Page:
Freya's experience showed how a combination of factors, including always being ‘on call’, perpetually delivering client work to tight deadlines, and feeling the need to stay updated on global issues to maintain the status of ‘expert’, can lead people to sacrifice their health. As individuals we work for purpose, which can make us feel accountable for global progress and impact. In addition, it can be especially lonely work if your objectives aren’t aligned with everyone else’s, and many of us have experienced some form of cultural battle - whether that’s internally at companies who have high growth targets or more broadly with recent ESG backlash especially present in the US.

Key Lessons

From the conversation Freya and Hannah explored a few key lessons that we can all consider when building a future of impact work that works for us as sustainability practitioners.

  1. Collective Responsibility: It’s important that we don’t see burnout as an individual's failure; it is a symptom of an unhealthy work system. To combat burnout, it’s essential that everyone, from employees to employers, actively participates in reshaping work cultures.
  2. Upskilling for Sustainability: Encouraging entire organisations to upskill in sustainability fosters a more collective and comprehensive approach to addressing environmental and social issues, rather than it being the burden of a small and under-resourced team. One way to work on this is by providing sustainability training to all employees and linking sustainability performance to personal development.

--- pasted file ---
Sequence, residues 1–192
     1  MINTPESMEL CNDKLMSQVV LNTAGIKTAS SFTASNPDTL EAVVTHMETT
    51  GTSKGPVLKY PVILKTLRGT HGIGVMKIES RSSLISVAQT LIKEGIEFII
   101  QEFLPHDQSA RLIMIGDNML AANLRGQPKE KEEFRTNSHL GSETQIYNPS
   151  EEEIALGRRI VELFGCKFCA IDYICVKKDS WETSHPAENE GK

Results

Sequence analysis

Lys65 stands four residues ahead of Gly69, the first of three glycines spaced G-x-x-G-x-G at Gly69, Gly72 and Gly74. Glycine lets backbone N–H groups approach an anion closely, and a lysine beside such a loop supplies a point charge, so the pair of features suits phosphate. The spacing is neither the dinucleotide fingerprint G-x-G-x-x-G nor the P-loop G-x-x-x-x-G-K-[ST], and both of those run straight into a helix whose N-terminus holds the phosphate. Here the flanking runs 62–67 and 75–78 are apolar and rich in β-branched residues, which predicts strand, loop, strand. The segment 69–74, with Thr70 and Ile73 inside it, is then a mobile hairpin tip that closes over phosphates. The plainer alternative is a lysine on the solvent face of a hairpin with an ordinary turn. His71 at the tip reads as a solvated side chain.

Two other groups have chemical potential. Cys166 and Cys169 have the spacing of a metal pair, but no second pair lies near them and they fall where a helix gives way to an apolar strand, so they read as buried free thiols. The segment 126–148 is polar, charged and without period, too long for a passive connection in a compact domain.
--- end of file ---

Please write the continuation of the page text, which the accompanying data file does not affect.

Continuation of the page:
3. Every Job is a Climate Job: Acknowledging that every job has a role to play in addressing climate change and promoting sustainability is crucial. We must all work towards systems-level change, transcending economic growth as the sole objective of business.
  4. Leadership Matters: Effective leadership that recognises the interconnectedness of sustainability, business, and workforce development is crucial for building sustainable work cultures. The importance of having a visionary leader is one of the main themes in Freya’s book, Green Giants, How Smart Companies Turn Sustainability into Billion-Dollar Businesses. 

Reasons to Be Hopeful 

While the burnout epidemic is a serious concern, there are reasons to be hopeful. We’re seeing more and more conversations about burnout happen in sustainability and also more broadly. Our event wasn’t the only one during NYC Climate Week which spoke about burnout, showing increasing awareness and importance. 

At The Now Work, we’re seeing more clients coming to us for support on their workplace development and supporting their sustainability teams and the way they organise how their work gets done. 

Overall, demand for sustainability professionals is increasing so it is vital to find ways to perform these roles sustainably. As individuals, personal development, overcoming fears, acknowledging one's worth, and setting boundaries are steps in the right direction, but larger systemic changes are also required. 

It’s a topic that we will continue to explore at The Now Work so please get in touch with questions, ideas, stories, or ways we could collaborate to build a future of impact work that works for us as people too.